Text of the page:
Helmut Gernsheim (1913-1995) was one of the most influential figures in the history of photography. He was one of a handful of people whose original research, collecting and writing took the field seriously and changed the way it was regarded. His scholarly and encyclopaedic book, The History of Photography (1955), co-written with his wife Alison, became the authoritative source on the subject. Over the years, Gernsheim managed to assemble a peerless collection of works by leading British, French and German early photographers. These included important British images by Fox Talbot, including a copy of his work The Pencil of Nature, Hill and Adamson, Fenton, Cameron, Le Gray and Daguerre, all of which have since come to be regarded as masterpieces of the 19th century. One of his most sensational discoveries and acquisitions was of the earliest known photographic image, taken by Niepce in 1826.
This exciting and new exhibition at the Harry Ransom Centre, University of Texas scheduled for this coming fall/winter is made up of two complementary and interweaving narratives—the history of photography as told through the collection's imagery, and the history of the collection's formation and methodology. The Gernsheims Collection will be on display alongside works by unknown or lesser-known artists who used various means to improve or to exploit the relatively new invention of photography. The exhibition will highlight key moments in the history of photography, important technological and ideological shifts in the act of picture making, and narratives that served the Gernsheims as key points of collecting.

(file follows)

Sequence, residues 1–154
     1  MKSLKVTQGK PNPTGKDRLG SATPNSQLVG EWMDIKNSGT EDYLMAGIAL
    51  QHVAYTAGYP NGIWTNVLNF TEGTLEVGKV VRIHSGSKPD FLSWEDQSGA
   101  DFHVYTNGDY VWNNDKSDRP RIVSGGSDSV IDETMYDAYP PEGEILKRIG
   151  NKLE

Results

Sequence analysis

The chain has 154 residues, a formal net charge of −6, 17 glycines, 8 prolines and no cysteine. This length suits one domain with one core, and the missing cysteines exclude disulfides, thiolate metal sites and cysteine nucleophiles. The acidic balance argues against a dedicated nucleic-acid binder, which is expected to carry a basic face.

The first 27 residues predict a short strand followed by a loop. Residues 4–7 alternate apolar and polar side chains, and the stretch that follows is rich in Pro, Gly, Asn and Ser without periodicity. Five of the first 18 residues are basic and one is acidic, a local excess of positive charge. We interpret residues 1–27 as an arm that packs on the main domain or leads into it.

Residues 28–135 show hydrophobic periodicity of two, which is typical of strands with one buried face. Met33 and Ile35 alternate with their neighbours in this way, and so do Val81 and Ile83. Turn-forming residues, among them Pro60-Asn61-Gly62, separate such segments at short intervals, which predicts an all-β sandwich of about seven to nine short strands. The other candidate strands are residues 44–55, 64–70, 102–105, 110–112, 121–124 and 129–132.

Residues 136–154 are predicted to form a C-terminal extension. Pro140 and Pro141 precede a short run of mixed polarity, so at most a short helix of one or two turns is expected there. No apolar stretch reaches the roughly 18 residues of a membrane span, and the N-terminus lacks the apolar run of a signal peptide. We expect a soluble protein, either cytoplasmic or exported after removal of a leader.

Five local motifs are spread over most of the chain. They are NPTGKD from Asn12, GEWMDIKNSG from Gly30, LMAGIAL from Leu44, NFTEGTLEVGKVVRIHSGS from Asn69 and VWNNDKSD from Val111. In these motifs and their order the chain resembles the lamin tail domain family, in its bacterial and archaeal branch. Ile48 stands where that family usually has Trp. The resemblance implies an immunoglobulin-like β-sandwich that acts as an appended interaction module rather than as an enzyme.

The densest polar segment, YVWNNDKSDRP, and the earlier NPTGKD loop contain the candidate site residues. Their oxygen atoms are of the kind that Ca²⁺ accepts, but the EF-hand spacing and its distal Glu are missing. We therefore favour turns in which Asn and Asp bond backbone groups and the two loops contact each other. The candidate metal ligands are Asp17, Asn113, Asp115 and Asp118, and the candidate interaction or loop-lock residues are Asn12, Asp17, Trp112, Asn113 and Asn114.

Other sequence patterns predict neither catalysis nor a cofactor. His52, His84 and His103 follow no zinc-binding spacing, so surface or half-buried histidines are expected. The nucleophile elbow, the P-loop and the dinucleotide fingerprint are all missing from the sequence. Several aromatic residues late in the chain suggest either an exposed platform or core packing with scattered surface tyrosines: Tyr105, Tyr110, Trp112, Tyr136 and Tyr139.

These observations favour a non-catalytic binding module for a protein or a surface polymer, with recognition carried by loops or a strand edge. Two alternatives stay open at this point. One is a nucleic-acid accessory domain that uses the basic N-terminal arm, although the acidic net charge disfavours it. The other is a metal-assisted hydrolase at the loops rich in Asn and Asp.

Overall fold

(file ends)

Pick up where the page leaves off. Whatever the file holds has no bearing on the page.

Further information will be provided in the 'Events' section of this blog as it becomes available. For those who can't quite make it to Texas, there is a fascinating on-line site (http://www.hrc.utexas.edu/exhibitions/permanent/wfp/
) to view one of the Centre's most prominent permanent exhibiton i.e., the first photograph (View from the Window at Le Gras) by Frenchman Joseph Nicéphore Niépce - a great background read to the forthcoming NMeM's conference in October, as reported exclusively by the BPH blog creator.
Photo: The First Photograph (View from the Window at Le Gras. ca1826, heliograph, in original frame, 25.8 x 29.0 cm) housed in its original presentational frame and sealed within an atmosphere of inert gas in an airtight steel and plexiglas storage frame, must be viewed under controlled lighting in order for its image to be visible.